TOPEKA, Kan. (WIBW) — Prosecutors and defense lawyers are wrangling over whether an FBI agent “falsely told” a man investigators were questioning that Kent D. Lindemuth “was dangerous because he had shot and ‘killed’ people.”
The FBI never told the man that Lindemuth, 66, had killed anyone, the prosecution said in response to the defense.
Both sides filed their arguments over the matter as part of the case over Lindemuth allegedly having received a pair of guns.
On April 10 and 11, Lindemuth was tried in U.S. District Court on one count of possessing and receiving a Remington .22-caliber rifle and a Smith & Wesson .357-caliber revolver purchased at an auction.
At the time of the auction, Lindemuth was under a federal judge’s order to not possess firearms and had signed a form acknowledging the prohibition of his firearm possession or acquisition.
“There is no evidence that Lindemuth ever possessed the guns,” defense attorneys William J. Skepnek and Kevin Babbit wrote in their proposed findings of fact and conclusions of law.
U.S. District Court Judge Daniel Crabtree – not a jury – will decide whether to acquit or convict Lindemuth.
The dispute centered on FBI questioning of Patrick Thomas Ledford, who testified during the Lindemuth trial that he attended an auction at a West Topeka home where he successfully bid on a rifle and a pistol at the direction of Lindemuth.
The prosecution contended Ledford acted as a “straw man” for Lindemuth to buy the two firearms for him.
In the Lindemuth defense’s “conclusions of law and findings of fact,” defense attorneys wrote that factors, including Ledford wanting to be on the “ ‘good team’ while being falsely told that Lindemuth had killed people,” may have pushed Ledford into looking for ways to provide testimony the “agents clearly desired.”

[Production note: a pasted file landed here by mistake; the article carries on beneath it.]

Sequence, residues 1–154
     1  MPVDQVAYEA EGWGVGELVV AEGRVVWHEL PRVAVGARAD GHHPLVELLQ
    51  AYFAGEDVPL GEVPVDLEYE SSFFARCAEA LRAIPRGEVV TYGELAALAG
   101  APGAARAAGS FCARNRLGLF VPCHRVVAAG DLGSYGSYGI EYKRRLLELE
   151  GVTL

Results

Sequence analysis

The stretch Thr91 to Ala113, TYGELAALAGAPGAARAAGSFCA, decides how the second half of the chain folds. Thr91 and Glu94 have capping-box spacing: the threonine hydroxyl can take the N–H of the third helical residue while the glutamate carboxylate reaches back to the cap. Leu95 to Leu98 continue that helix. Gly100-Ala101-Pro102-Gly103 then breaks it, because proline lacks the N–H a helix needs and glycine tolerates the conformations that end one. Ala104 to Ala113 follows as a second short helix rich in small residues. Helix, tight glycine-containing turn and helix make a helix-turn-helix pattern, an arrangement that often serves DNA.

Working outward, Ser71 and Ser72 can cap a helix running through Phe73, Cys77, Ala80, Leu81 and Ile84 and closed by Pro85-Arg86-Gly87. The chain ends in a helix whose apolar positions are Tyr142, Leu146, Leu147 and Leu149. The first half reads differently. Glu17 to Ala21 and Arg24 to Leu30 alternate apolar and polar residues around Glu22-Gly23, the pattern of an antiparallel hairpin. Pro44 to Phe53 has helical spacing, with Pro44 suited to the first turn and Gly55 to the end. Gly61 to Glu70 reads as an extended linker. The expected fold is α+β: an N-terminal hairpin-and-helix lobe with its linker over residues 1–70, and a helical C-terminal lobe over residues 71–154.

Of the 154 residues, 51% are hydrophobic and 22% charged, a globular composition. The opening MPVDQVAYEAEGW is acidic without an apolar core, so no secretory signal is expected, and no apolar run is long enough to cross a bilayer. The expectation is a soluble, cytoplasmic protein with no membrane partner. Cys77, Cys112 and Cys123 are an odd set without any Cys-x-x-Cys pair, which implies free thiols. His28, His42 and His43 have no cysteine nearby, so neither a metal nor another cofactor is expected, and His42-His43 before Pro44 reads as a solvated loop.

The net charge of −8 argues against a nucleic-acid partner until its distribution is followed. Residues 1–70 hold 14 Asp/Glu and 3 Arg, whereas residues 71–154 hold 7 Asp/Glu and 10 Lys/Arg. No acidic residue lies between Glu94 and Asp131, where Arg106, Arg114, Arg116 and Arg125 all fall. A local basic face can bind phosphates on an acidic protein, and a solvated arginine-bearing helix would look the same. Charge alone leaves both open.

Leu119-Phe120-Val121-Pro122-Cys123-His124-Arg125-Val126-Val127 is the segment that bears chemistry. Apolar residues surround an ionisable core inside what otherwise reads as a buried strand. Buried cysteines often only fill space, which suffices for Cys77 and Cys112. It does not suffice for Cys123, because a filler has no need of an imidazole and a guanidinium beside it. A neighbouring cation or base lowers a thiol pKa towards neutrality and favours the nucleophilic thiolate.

Answering the defense’s proposed findings, assistant U.S. Attorney Richard Hathaway fired back.
“Agent (Scott) Gentine never told Ledford that Lindemuth killed anyone,” Hathaway wrote. The prosecution response quotes what it says is a transcript of an interview of Ledford by Gentine and a second investigator.
“I don’t think he killed them,” Hathaway’s court response quoted Gentine as saying at one point.
Defense attorneys countered that the prosecutor accused the defense of creating a false transcript offered as evidence to mislead the judge.
Defense attorneys contended Hathaway “maligned” the integrity of the defense attorneys.
In the prosecution’s proposed findings and facts, Hathaway wrote that Lindemuth willfully obtained constructive receipt of firearms when he knew he was under indictment.
Lindemuth manipulated a straw-buyer to attend an auction, was overheard saying he couldn’t bid on guns because he was a convicted felon at that time, had the buyer make bids at the nod of Lindemuth’s head, paid for the firearms and handled and inspected the firearms, Hathaway contended.
Lindemuth “intended to take actual possession of the firearms in the future, Hathaway wrote.
Lindemuth attorneys contend the prosecution didn’t show evidence that he possessed the revolver and rifle purchased at the auction.
In challenging the prosecution of their client, defense attorneys also contend Lindemuth’s constitutional rights to bear firearms are being denied. The Second Amendment of the U.S. Constitution says in part that “the right of the people to keep and bear arms shall not be infringed.”
Prosecution and defense attorneys will make closing statements to the judge on an unspecified date.
Lindemuth’s possession of firearms were restricted after he was convicted of a felony charge of making a criminal threat in Shawnee County District Court and indicted in federal court with a series of charges.
However, a state appellate court overturned the state conviction, and Lindemuth was acquitted of more than 100 federal counts following a trial in late 2017.